Written by: Paperghost [paperghost@vitalsecurity.org]24/02/2005
Have a play around with the various options, but the most important use of these methods iswhen you combine them. The best command to use is
netstat -an
 because this will list all connections in Numerical Form, which makes it a lot easier to tracemalicious users....Hostnames can be a little confusing if you don't know what you're doing(although they're easily understandable, as we shall see later). Also, by doing this, you can alsofind out what your own IP address is, which is always useful.Also,
netstat -b
 will tell you what ports are open and what programs are connecting to the internet.
## Types of Port ##
 It would be impossible to find out who was attacking you if computers could just access any oldport to perform an important function; how could you tell a mail transfer from a Trojan Attack?Well, good news, because your regular, normal connections are assigned to low, commonly usedports, and in general, the higher the number used, the more you should be suspicious. Here arethe three main types of port:
# Well Known Ports
These run from 0 to 1023, and are bound to the common services that runon them (for example, mail runs on channel 25 tcp/udp, which is smtp (Simple Mail TransferProtocol) so if you find one of these ports open (and you usually will), it's usually because of anessential function.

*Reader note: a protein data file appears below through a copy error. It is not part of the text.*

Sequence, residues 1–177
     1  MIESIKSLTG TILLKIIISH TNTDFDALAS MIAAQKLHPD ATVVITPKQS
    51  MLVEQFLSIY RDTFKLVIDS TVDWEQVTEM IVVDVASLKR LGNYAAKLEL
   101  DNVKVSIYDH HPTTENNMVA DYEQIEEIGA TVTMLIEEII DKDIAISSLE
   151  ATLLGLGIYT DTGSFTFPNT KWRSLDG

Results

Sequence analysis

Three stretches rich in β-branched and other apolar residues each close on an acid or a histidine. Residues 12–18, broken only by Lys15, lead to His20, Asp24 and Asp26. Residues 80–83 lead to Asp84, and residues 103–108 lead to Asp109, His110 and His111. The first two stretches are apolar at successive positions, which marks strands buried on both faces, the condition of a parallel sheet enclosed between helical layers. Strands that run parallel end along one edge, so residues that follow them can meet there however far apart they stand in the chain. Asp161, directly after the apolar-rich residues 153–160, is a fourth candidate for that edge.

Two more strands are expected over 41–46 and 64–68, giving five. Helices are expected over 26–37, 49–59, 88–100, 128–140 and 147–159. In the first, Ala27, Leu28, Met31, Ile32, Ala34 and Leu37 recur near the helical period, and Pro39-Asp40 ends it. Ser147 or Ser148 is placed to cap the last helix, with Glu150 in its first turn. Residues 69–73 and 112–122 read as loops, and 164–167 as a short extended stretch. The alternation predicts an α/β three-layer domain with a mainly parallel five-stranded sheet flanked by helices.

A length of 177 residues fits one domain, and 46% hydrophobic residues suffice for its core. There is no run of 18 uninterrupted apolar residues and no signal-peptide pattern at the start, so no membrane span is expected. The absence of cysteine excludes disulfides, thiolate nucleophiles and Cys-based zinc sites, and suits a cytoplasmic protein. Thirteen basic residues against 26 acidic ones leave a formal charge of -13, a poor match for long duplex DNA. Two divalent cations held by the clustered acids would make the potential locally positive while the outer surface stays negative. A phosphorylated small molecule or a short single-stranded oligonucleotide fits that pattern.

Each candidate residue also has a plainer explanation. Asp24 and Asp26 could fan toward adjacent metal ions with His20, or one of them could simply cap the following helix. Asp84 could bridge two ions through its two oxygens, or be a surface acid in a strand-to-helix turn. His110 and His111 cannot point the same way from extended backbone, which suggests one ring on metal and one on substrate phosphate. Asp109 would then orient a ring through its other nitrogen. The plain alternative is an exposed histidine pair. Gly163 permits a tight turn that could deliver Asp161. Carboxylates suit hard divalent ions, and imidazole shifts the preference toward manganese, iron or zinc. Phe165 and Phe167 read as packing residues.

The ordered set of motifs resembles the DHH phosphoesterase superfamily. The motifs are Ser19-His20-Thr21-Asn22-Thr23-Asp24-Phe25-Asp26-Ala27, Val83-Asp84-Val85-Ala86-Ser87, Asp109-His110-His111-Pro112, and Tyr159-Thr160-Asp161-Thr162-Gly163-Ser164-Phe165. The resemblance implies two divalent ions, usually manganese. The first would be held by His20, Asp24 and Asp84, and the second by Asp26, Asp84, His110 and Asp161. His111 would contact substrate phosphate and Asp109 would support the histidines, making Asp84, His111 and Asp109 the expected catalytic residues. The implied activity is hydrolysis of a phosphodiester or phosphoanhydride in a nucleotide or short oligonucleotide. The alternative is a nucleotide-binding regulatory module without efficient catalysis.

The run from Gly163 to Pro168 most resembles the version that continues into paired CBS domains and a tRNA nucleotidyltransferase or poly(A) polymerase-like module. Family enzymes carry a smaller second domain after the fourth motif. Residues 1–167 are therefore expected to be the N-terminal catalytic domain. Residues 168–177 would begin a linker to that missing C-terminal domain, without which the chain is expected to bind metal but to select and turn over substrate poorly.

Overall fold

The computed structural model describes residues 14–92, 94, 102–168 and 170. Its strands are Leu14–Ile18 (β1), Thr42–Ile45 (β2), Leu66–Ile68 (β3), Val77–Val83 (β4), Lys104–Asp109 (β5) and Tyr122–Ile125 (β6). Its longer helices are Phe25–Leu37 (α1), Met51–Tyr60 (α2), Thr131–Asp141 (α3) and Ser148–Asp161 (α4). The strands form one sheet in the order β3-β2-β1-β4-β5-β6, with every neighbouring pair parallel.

# Registered Ports
These run on 1024 to 49151. Although not bound to a particular service,these are normally used by networking utilities like FTP software, Email client and so on, and theydo this by opening on a random port within this range before communicating with the remoteserver, so don't panic (just be wary, perhaps) if you see any of these open, because they usuallyclose automatically when the system that's running on them terminates (for example, type in acommon website name in your browser with netstat open, and watch as it opens up a port atrandom to act as a buffer for the remote servers). Services like MSN Messenger and ICQ usuallyrun on these Ports.
# Dynamic/Private Ports
Ranging from 49152 to 65535, these things are rarely used except withcertain programs, and even then not very often. This is indeed the usual range of the Trojan, so ifyou find any of these open, be very suspicious. So, just to recap:
Well Known Ports 0 to 1023 Commonly used, little danger.Registered Ports 1024 to 49151 Not as common, just be careful.Dynamic/Private Ports 49152 to 65535 Be extremely suspicious.
## The hunt is on ##
 Now, it is essential that you know what you're looking for, and the most common way someonewill attack your machine is with a Trojan. This is a program that is sent to you in an email, orattempts to bind itself to one of your ports, and when activated, it can give the user yourpasswords, access to your hard drive...they can even make your CD Tray pop open and shut. Atthe end of this Document, you will find a list of the most commonly used Trojans and the portsthey operate on. For now, let's take another look at that first example of Netstat....